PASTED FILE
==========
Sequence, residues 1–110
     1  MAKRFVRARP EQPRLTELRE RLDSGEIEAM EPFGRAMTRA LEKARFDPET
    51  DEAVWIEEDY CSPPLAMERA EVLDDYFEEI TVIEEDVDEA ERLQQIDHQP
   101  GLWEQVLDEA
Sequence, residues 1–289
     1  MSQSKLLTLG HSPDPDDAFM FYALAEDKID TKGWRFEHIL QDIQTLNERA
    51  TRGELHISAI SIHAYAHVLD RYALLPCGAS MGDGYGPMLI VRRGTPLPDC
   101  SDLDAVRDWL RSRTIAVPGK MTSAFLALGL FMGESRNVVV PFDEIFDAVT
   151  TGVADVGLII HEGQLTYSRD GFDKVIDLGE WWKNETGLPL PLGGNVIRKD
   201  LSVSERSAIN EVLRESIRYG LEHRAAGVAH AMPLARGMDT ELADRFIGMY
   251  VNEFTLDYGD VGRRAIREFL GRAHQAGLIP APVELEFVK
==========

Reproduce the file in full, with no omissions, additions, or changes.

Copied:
Sequence, residues 1–110
     1  MAKRFVRARP EQPRLTELRE RLDSGEIEAM EPFGRAMTRA LEKARFDPET
    51  DEAVWIEEDY CSPPLAMERA EVLDDYFEEI TVIEEDVDEA ERLQQIDHQP
   101  GLWEQVLDEA
Sequence, residues 1–289
     1  MSQSKLLTLG HSPDPDDAFM FYALAEDKID TKGWRFEHIL QDIQTLNERA
    51  TRGELHISAI SIHAYAHVLD RYALLPCGAS MGDGYGPMLI VRRGTPLPDC
   101  SDLDAVRDWL RSRTIAVPGK MTSAFLALGL FMGESRNVVV PFDEIFDAVT
   151  TGVADVGLII HEGQLTYSRD GFDKVIDLGE WWKNETGLPL PLGGNVIRKD
   201  LSVSERSAIN EVLRESIRYG LEHRAAGVAH AMPLARGMDT ELADRFIGMY
   251  VNEFTLDYGD VGRRAIREFL GRAHQAGLIP APVELEFVK